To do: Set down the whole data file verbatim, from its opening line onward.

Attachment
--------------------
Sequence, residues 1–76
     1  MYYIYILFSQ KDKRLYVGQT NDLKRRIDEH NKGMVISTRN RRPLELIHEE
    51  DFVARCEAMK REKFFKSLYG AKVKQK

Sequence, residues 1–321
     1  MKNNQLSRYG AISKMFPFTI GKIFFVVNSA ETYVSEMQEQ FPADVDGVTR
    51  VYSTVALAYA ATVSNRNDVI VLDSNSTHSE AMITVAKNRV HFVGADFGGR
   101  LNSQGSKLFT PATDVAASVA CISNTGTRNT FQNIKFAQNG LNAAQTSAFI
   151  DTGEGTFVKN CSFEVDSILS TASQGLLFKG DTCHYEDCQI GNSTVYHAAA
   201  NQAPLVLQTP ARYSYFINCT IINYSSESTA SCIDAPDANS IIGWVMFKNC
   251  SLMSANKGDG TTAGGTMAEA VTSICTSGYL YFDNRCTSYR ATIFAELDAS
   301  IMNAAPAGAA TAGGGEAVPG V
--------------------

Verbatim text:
Sequence, residues 1–76
     1  MYYIYILFSQ KDKRLYVGQT NDLKRRIDEH NKGMVISTRN RRPLELIHEE
    51  DFVARCEAMK REKFFKSLYG AKVKQK

Sequence, residues 1–321
     1  MKNNQLSRYG AISKMFPFTI GKIFFVVNSA ETYVSEMQEQ FPADVDGVTR
    51  VYSTVALAYA ATVSNRNDVI VLDSNSTHSE AMITVAKNRV HFVGADFGGR
   101  LNSQGSKLFT PATDVAASVA CISNTGTRNT FQNIKFAQNG LNAAQTSAFI
   151  DTGEGTFVKN CSFEVDSILS TASQGLLFKG DTCHYEDCQI GNSTVYHAAA
   201  NQAPLVLQTP ARYSYFINCT IINYSSESTA SCIDAPDANS IIGWVMFKNC
   251  SLMSANKGDG TTAGGTMAEA VTSICTSGYL YFDNRCTSYR ATIFAELDAS
   301  IMNAAPAGAA TAGGGEAVPG V